We show here the structure of CFA/I pili at 4.3 Å resolution. A fit of the crystal subunit into the cryo-EM map illustrates conformational differences between the known crystal structures of the major pilin subunit, CfaB (Bao et al., 2016[Bao, R., Liu, Y., Savarino, S. J. & Xia, D. (2016). Mol. Microbiol. 102, 975-991.]) and its structure within an assembled pilus filament. We present intrinsic properties responsible for quaternary structure stability, determined by evaluating the buried surface area of subunit–subunit interactions using the CFA/I pilus model built from the cryo-EM map.

2. Results

2.1. CFA/I pili structure

Our electron cryomicroscopy (cryo-EM) three-dimensional helical reconstruction of CFA/I pili [Fig. 1[link](a), Supplemetary Fig. S1] shows pilin subunits assembled into 7.8 nm diameter helical filaments with an 8.6 Å rise per CfaB subunit, and 3.18 CfaB subunits per turn of the helix. After rigid-body fitting of the subunit's structure determined by X-ray crystallography (Li et al., 2009[Li, Y.-F., Poole, S., Nishio, K., Jang, K., Rasulova, F., McVeigh, A., Savarino, S. J., Xia, D. & Bullitt, E. (2009). Proc. Natl Acad. Sci. USA, 106, 10793-10798.]) into the cryo-EM helical reconstruction, we used RosettaCM to refine the filament structure of CfaB based upon the cryo-EM map. The fit of the subunits into the cryo-EM map is shown in Figs. 1[link](b) and 1(c), with a ribbon backbone display. CFA/I pili are assembled using the NTE of subunit n fitted into the groove created by a `missing β-strand' in the previously added subunit, n − 1. This interaction provides strong non-covalent bonds between adjacent subunits. As seen in Figs. 2[link](a) and 2(b), the outer face of the subunit is mostly hydro­philic [Fig. 2[link](a)], whereas there is a hydro­phobic groove visible when the subunit is rotated 90° [Fig. 2[link](b)]. This groove gets filled by the NTE of the next subunit as the pilus is assembled. Stabilization of the pilus as a helical filament appears to be primarily through contacts between subunits n and n + 3 (Fig. S2). Calculated from our CFA/I model using CocoMaps software (Vangone et al., 2011[Vangone, A., Spinelli, R., Scarano, V., Cavallo, L. & Oliva, R. (2011). Bioinformatics, 27, 2915-2916.]) the buried surface area between subunits n and n + 3 is 1087 Å2, whereas the buried surface area between n and n + 1 is 485 Å2, and between n and n + 2 is 453 Å2. Subunit–subunit interactions that produce the buried surface area are described in Supplementary Table 1. Once assembled into the helical filament, positively and negatively charged surface residues are distributed throughout the pilus outer surface, while many negative charges are exposed on the inner surface, as seen in Figs. 2[link](c) and 2[link](d), respectively.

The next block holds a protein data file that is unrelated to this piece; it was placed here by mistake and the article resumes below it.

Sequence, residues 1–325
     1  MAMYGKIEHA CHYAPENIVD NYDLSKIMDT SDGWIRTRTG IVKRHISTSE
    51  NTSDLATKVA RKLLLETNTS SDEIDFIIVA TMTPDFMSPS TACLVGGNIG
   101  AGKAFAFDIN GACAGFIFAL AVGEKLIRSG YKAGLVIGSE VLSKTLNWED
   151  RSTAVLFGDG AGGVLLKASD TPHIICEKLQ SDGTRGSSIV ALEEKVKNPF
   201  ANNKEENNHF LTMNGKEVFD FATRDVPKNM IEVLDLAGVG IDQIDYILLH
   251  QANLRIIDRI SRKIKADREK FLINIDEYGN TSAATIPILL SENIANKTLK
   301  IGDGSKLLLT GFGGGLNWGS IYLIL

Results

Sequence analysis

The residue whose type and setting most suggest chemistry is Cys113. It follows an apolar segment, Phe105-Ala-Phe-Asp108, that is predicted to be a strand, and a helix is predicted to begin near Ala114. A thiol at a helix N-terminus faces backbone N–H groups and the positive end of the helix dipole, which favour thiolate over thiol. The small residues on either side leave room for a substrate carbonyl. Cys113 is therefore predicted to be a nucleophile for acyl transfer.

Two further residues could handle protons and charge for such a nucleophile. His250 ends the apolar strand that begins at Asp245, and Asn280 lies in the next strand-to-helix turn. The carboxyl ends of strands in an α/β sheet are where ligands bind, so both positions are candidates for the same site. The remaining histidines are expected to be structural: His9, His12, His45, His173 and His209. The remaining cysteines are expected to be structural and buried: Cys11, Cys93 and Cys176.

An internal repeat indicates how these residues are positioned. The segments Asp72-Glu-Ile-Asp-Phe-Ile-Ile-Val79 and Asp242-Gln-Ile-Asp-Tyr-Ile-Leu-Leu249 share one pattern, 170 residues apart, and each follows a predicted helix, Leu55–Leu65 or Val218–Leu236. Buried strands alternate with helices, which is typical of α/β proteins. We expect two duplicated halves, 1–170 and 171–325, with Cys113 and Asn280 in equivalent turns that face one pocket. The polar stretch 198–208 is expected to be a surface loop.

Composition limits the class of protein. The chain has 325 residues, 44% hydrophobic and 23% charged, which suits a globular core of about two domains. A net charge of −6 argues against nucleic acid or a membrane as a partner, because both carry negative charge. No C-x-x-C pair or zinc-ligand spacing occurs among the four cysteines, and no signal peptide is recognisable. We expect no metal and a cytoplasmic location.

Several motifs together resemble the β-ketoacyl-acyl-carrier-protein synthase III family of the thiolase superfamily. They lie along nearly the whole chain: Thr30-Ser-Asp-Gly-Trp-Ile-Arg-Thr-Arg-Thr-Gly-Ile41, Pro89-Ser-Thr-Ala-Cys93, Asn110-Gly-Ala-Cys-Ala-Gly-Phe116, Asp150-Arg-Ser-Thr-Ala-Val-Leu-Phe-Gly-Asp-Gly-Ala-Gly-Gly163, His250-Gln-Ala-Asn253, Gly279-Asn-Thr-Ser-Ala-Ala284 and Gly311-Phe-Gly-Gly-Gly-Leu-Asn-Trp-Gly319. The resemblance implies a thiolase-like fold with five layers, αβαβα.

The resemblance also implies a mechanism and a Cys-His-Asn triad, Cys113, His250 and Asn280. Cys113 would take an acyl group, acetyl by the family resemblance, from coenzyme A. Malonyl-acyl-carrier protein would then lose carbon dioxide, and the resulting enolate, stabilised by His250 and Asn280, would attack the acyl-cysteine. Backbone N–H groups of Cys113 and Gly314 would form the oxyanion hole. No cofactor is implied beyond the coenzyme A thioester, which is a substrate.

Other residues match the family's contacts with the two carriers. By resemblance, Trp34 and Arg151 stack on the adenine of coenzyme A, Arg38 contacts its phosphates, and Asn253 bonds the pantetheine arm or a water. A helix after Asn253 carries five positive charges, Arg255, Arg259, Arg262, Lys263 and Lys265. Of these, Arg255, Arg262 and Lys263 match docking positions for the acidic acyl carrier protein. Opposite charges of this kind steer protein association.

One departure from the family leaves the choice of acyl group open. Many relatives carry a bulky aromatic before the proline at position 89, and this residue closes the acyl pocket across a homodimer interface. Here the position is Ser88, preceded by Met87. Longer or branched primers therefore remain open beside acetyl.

[Figure 1]
Figure 1
Overall reconstruction of CFA/I pili. (a) Side view of the CFA/I pilus reconstruction fit with the model, with subunits colored distinctively. (b) A representative outer region of the CFA/I pilus structure, Pro13 is highlighted in red. (c) The cut-away view shows core of CFA/I pilus rod, where the N-terminal extension of subunit n is inserted into the β-strands groove of the preceding subunit. A close-up view shows the clearly separated β-strands as well as the Pro13 at the end of N-terminal extension of each subunit. (d) A view of Pro13 shown in stick representation within the cryo-EM map.
[Figure 2]
Figure 2
Hydrophobicity and surface charges. Hydrophobicity maps (Kyte & Doolittle, 1982[Kyte, J. & Doolittle, R. F. (1982). J. Mol. Biol. 157, 105-132.]; arbitrary units, from −4.5 to 4.5) of surface-exposed residues for individual subunits are shown oriented so that the outer surface (a, top) or the surface that accepts the N-terminal extension from the adjacent subunit (b, bottom) is visible. The charge distribution (in kcal mol−1 at 25°C) on the outer surface (c) and the inner surface (d) of the pilus shows a negatively charged inner surface that could provide a target for positively charged disruptive therapeutic molecules/peptides such as histatins (Brown et al., 2018[Brown, J. W., Badahdah, A., Iticovici, M., Vickers, T. J., Alvarado, D. M., Helmerhorst, E. J., Oppenheim, F. G., Mills, J. C., Ciorba, M. A., Fleckenstein, J. M. & Bullitt, E. (2018). J. Infect. Dis. pp. 1-7.]).